But the loophole’s existence doesn’t mean companies are going to “respond knee-jerk” to ACA and cut employees to part-time so the company can save on health care costs, says Reddock, adding that companies should know the high value of having a consistent workforce that doesn’t require constant retraining because new workers are being added all of the time.

King agrees, saying he doesn’t expect businesses that already offer health insurance to change.

“Employees who work for companies that already provide health insurance will probably continue to receive health insurance,” he says.

But businesses that don’t already offer health insurance may cut jobs or hours and use more independent contractors as they try to determine if not complying with the law is cheaper than providing health insurance, King says.

A $2,000 fine per employee for not offering health insurance is cheaper than the $7,225 per year in health care premiums that the average employer contributed for each employee in 2012, according to the ADP Research Institute study.

“I have not seen one client of mine that’s not offering insurance now that’s going to start offering insurance as a result of the Affordable Care Act,” he says.

“It’s far, far more expensive to offer insurance,” King says his clients tell him.

Employers that are likely to cut jobs and hours are ones with a lot of low-wage workers, he says, such as restaurants, retail and home care. King says some of his clients, which include home care agencies, are cutting workers’ hours to 29 or less per week so they can avoid the new law’s penalties.

Low-wage jobs with few hours doesn’t sound to appealing, especially without health insurance. “Nobody wants that job,” King says.

Cutting a worker’s hours so they’re not eligible for employer health insurance would have a domino effect, forcing low-wage workers to get insurance through an exchange, Reddock says.

“I think what you then end up with is a very unhappy employee who now has health care” through a health care exchange where they can apply for government subsidies to help pay their premiums, Reddock says.

“If you’re a minimum wage earner, and you are forced into this exchange, it can really be a burden on the employee and their household,” she says.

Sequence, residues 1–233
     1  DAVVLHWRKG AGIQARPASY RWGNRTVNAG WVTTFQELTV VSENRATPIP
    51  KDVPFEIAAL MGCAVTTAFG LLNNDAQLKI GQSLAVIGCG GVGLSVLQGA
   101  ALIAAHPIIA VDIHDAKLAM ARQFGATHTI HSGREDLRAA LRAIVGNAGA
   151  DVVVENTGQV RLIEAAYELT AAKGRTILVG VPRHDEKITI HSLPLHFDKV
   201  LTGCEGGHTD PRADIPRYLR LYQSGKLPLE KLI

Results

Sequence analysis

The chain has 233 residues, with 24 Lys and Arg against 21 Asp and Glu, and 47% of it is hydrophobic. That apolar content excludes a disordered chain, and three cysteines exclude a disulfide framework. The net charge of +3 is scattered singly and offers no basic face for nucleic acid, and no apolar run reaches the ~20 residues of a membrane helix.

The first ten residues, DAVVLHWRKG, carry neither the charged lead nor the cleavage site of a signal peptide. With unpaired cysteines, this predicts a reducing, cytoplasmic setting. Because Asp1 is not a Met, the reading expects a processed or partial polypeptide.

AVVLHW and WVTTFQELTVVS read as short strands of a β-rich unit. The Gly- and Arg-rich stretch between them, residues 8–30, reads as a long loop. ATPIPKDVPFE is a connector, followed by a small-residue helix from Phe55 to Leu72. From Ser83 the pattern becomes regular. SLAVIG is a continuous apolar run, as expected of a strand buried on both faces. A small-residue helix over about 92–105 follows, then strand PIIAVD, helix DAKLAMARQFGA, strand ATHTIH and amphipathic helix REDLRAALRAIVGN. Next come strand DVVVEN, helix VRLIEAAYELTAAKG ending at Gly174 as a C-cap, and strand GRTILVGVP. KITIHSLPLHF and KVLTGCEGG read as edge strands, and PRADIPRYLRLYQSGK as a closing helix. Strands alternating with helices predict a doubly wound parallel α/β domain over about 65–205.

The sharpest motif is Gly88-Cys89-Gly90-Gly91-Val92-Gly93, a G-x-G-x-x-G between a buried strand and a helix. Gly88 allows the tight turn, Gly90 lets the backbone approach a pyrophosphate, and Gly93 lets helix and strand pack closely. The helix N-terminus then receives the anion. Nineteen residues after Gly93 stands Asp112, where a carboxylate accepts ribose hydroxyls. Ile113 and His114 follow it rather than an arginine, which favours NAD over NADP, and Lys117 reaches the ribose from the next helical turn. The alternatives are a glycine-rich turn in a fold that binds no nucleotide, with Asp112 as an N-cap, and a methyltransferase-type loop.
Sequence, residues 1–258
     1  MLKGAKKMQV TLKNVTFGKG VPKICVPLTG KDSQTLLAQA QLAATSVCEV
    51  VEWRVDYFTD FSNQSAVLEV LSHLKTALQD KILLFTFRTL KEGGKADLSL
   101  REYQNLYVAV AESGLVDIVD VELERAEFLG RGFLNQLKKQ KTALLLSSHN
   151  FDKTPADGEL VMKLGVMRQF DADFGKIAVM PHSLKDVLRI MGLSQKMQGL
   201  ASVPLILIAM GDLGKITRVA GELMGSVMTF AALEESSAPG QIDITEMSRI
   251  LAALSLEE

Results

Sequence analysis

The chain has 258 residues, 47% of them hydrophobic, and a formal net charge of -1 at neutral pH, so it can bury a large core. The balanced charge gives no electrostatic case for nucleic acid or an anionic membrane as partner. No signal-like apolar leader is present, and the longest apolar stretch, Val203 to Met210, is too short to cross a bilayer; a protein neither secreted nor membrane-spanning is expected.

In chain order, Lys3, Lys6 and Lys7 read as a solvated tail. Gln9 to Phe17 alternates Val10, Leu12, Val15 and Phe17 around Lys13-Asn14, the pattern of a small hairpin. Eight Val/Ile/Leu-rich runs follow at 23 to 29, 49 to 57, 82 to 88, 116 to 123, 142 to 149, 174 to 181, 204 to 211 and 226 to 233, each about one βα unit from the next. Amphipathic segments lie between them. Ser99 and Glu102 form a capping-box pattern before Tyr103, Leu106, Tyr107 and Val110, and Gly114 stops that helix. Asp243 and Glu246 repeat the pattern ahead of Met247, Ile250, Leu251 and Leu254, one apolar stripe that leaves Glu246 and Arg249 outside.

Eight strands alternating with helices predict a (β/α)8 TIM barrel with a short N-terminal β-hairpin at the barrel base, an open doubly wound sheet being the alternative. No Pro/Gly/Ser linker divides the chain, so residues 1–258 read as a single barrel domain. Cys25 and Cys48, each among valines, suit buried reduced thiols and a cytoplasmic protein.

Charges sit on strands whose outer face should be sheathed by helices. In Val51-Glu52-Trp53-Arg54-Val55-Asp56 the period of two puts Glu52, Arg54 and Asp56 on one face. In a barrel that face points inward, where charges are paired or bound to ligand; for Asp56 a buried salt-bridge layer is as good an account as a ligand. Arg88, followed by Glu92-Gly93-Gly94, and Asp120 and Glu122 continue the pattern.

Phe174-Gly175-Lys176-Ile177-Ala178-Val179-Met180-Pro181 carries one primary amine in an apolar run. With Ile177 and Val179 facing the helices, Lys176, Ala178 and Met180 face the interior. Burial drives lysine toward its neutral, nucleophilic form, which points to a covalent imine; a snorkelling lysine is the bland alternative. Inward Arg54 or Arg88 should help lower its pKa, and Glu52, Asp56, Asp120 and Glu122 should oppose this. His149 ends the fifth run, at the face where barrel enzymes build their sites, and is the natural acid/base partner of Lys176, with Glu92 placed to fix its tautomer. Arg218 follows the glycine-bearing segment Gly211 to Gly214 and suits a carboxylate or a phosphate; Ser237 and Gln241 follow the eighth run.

However, if ACA helps companies save 30% to 40% on health insurance premiums, “then I think you might even find the large bread and butter companies reconsider their health care options,” Reddock says.

New Apps Help You Stay Healthy

It’s that time of the year when most people start bailing on their New Year’s Resolution. Unless you’ve got a friend keeping you accountable, it can be difficult to stay on top of the commitment you had. There’s good news, however! New mobile applications make it easier than ever to keep on track and have fun at the same time.

My Fitness Pal

   My Fitness Pal is a great way to keep you on track throughout the entire day. What makes this application so easy to use is that you can look up calorie information for whatever you’re consuming, add in the servings you’ve had, and view how you’re doing with your overall fitness goals. You can also log in the amount of time you’ve spent doing a particular activity, which will calculate an estimate of the calories to add to your workout information as well. On a weekly basis, the application will prompt you to enter your weight information, which it then translates into a line graph so you can chart your progress. The My Fitness Pal community is full of supportive other people to help you on your journey. With the ability to record your data on the go, there’s no reason to fall behind on your goals!

GymPact